ISU research has reported that cull sows have a high prevalence of foot lesions. Sows with feet and leg problems are often uncomfortable while standing for any length of time, which may curb their lactation feed intake. Inadequate feed consumption forces the sow to draw on body reserves, which in turn affects her ability to produce milk for the piglets. As the demands on the sow’s body reserves become greater, her body condition declines, sometimes to the point where she is incapable of returning to estrus after weaning. Sows are often culled at this point for failure to cycle, while the real reason for this failure began with feet and leg problems that affected her feed intake during lactation.
In a recent project, ISU researchers studied rib shape and its association with sow longevity. In this study, gilts with a more barrel-shaped rib remained in the herd longer than gilts that were flat-ribbed. It is unclear why the barrel-shaped females performed longer, but researchers speculate it may be related to how sows got up and down while in gestation and farrowing crates and the development of shoulder lesions.
Focus on Soundness
One of the biggest challenges producers face is selecting and culling replacement females to ensure an adequate supply of gilts is readily available. Failure to adhere to high standards for reproductive and feet and leg soundness ultimately leads to higher culling and failure rates in the sow herd.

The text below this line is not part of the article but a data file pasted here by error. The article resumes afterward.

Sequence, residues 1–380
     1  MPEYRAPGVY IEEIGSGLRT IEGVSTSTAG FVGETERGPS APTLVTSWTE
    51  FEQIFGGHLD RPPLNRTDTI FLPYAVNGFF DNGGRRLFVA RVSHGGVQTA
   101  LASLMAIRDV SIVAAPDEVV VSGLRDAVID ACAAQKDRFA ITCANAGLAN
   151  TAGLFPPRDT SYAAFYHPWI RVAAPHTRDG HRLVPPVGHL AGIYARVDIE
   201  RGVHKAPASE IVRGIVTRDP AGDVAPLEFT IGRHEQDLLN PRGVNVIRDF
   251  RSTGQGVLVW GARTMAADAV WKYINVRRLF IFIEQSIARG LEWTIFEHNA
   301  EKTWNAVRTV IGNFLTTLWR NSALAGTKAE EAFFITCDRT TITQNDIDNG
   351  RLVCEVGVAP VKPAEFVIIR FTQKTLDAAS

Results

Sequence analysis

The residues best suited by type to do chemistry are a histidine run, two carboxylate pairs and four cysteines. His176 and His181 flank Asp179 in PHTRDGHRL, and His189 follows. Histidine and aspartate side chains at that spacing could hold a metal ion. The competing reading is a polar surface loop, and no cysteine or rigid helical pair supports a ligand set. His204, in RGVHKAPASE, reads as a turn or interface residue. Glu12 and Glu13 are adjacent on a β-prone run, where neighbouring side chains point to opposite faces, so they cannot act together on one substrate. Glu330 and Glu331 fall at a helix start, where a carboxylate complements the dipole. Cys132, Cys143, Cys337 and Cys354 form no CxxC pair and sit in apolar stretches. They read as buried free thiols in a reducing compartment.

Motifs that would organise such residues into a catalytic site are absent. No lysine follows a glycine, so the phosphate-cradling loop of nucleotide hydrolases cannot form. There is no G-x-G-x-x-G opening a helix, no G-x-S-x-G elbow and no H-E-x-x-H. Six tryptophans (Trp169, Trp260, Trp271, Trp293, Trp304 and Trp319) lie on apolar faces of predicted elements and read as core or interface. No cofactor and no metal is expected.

With proper training and experience, producers should be able to distinguish between sound and unsound replacement gilts. There is sufficient genetic variability for both feet and leg and reproductive soundness that selection should be effective at improving the traits, while decreasing the incidence of the undesirable traits.
Offspring from sires and dams that have undergone an effective feet and leg soundness evaluation should have fewer feet and leg problems, produce better and reduce the number of “downer” sows during transport and lairage.
The single biggest reason to improve leg soundness is to increase the productive lifetime of breeding herd females. This is important economically and for worker morale, as well as for the well-being of the females in the breeding herd.
Editor’s Note: A series of three production posters, “Conformation and Structural Soundness Guidelines for Replacement Gilts,” “Selecting for Feet & Leg Soundness in Replacement Gilts,” and “Selecting for Reproductive Trait Soundness in Replacement Gilts,” is posted at www.nationalhogfarmer.com. Print versions are available by calling the Pork Checkoff producer service line at 1-800-456-7675. (Request poster series #04842).